- A whole chicken should marinate in your fridge for up to 24 hours before cooking. These marinades can be simple, just salt or salt and buttermilk, but are complete game changers.
- Chicken breasts should marinate for 2-4 hours, but can last in your fridge overnight.
- Tougher or larger cuts of pork can be marinated for upwards of 8 – 10 hours, with whole shoulders needing up to 24 hours.
- Already tender loins of pork chops should marinate for 2-4 hours.
- For tougher cuts of steak, marinate for up to 24 hours to tenderize the meat.
- High quality cuts of steak are tender and flavorful at purchase and typically do not need the benefits of a marinade.
- The quickest of all marinades!
- Seafood like shrimp or fish should only marinate for 30 minutes. They are very fragile and could start to turn after an hour of soaking.
best way to cook marinated meat
- The go-to method when using marinades! Grilling has all the right features to cook meat that’s been marinated to give you that deep caramelized touch: high temperatures and lots of air flow.
- Hot oven temps are perfect for increasing the moisture content of smaller pieces of meat that run the risk of drying out, like chicken breasts. Longer roasts work well as long as you are cautious of using ingredients that are likely to burn, such as soy sauce or sugars.
- And sometimes Sauteing
- Marinated meat can definitely be cooked in a skillet on a stove, but just doesn’t get that crispy sear that roasting or grilling does.
different types of marinades
- There are endless combinations of seasonings and spices to use depending on the type of meal you are making. Think garlic, herbs, and peppers.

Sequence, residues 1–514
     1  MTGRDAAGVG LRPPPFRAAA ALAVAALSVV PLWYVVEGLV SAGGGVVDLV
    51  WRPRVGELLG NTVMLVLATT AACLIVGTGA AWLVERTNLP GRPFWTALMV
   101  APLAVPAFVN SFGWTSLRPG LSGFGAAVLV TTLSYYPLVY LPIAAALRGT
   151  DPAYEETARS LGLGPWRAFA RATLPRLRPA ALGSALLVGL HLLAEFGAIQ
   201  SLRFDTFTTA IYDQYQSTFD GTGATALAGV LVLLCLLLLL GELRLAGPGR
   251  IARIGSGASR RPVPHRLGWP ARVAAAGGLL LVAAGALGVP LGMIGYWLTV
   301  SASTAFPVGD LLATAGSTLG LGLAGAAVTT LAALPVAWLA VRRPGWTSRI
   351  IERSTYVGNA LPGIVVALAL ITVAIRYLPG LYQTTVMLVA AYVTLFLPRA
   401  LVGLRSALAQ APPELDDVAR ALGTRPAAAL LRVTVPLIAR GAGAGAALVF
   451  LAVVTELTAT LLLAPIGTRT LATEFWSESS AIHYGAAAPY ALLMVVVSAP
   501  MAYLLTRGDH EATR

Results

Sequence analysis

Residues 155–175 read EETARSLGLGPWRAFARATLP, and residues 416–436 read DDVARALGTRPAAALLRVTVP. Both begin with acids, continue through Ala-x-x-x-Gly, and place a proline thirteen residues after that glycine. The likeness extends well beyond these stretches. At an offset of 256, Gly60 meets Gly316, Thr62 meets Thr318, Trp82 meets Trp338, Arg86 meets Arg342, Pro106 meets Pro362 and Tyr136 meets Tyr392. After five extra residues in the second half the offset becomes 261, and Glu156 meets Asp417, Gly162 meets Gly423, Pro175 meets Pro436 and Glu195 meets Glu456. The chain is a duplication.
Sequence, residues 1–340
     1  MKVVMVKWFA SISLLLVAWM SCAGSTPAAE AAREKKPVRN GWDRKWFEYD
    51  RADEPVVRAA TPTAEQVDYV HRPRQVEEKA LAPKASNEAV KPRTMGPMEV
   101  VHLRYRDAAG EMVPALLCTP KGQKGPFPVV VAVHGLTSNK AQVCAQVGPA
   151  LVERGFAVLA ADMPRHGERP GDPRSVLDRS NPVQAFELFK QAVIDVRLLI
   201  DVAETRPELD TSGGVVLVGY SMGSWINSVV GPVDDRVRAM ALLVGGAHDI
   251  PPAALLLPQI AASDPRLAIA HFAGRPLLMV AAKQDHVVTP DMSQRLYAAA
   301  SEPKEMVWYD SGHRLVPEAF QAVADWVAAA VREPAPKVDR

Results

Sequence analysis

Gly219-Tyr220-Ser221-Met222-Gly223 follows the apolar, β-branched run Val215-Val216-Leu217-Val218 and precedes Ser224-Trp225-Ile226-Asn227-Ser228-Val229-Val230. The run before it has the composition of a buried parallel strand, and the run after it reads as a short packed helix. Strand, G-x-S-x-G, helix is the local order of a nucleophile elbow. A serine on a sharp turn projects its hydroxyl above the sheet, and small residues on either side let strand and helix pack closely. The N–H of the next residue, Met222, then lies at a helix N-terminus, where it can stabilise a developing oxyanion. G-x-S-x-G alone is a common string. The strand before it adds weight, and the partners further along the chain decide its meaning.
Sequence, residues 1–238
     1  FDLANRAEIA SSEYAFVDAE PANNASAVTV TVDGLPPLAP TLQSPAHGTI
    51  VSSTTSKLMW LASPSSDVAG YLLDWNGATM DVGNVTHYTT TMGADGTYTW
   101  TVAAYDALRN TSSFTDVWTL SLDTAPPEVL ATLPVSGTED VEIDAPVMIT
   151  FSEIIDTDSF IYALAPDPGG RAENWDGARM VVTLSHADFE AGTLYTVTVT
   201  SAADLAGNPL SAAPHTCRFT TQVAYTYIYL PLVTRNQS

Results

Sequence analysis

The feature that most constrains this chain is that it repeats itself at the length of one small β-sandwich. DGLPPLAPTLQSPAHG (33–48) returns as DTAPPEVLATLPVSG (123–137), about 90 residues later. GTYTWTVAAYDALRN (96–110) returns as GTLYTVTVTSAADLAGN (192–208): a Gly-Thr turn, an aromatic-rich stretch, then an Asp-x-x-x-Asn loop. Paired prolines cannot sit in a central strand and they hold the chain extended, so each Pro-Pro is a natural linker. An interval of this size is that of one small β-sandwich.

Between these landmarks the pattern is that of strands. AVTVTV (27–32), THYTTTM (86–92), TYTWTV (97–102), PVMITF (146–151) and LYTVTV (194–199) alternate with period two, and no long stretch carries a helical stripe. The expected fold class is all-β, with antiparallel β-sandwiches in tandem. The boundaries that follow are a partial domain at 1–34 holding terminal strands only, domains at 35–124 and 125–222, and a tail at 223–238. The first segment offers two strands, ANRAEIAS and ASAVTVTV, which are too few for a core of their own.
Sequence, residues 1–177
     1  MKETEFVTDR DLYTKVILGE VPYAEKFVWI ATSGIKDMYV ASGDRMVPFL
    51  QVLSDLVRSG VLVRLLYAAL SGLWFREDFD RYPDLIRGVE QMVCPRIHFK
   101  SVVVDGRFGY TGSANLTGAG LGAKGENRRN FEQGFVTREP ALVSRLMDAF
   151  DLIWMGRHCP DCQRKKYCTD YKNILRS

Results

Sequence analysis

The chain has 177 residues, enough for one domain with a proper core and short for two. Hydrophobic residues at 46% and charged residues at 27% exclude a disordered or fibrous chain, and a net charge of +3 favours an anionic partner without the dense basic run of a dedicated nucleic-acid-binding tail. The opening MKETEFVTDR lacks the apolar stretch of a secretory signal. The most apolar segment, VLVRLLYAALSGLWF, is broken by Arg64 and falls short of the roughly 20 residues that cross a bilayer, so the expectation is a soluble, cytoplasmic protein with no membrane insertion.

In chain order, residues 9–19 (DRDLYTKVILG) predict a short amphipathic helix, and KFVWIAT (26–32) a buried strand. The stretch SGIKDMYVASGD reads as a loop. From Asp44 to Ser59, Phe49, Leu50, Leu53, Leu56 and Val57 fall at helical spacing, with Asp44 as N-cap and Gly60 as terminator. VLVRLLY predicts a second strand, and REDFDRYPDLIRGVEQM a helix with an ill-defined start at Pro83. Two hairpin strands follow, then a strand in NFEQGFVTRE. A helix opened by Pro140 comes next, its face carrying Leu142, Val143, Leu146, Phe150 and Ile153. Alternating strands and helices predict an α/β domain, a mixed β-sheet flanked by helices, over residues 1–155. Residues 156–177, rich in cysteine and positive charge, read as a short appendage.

- Italian: white or red wine vinegar, lemon juice, olive oil, salt, mix of oregano/basil/oregano
- Japanese: rice wine vinegar, olive oil, soy sauce, ginger
- Mexican: lime juice, olive oil, salt, cumin/chili powder/onion powder, garlic, cilantro
- Indian: lemon juice, yogurt, salt, garlic, ginger, garam masala
tips for marinating meat
- Using marinades before cooking at high temps, such as with grilling, can decrease the amount of carcinogenic chemicals. The jury is still out on exactly WHY this is so but there are lots of fascinating scientific papers on it!
- Marination should always occur in the fridge — not at room temperature
- Do NOT reuse uncooked marinade. Make a little extra on the side if you’re wanting to have a sauce.
- Different meats should be marinated for different amounts of time.
- More surface area = more flavor.
- The basic makeup of a marinade is 1 part acid, 2 parts fat, with a little salt and seasoning.
- Acids can easily overpower the taste, so generally less is more.
- Sugars can easily burn so keep a close eye on your meat while cooking.
- Chicken/poultry should be used within 2 days of marinating; beef and other meat should be used within 5 days.
Do you have any favorite marinades to use? Share your ideas in the comments below!
Be on the lookout, this Thursday there’s a delicious recipe coming up to try out a Hawaiian marinade!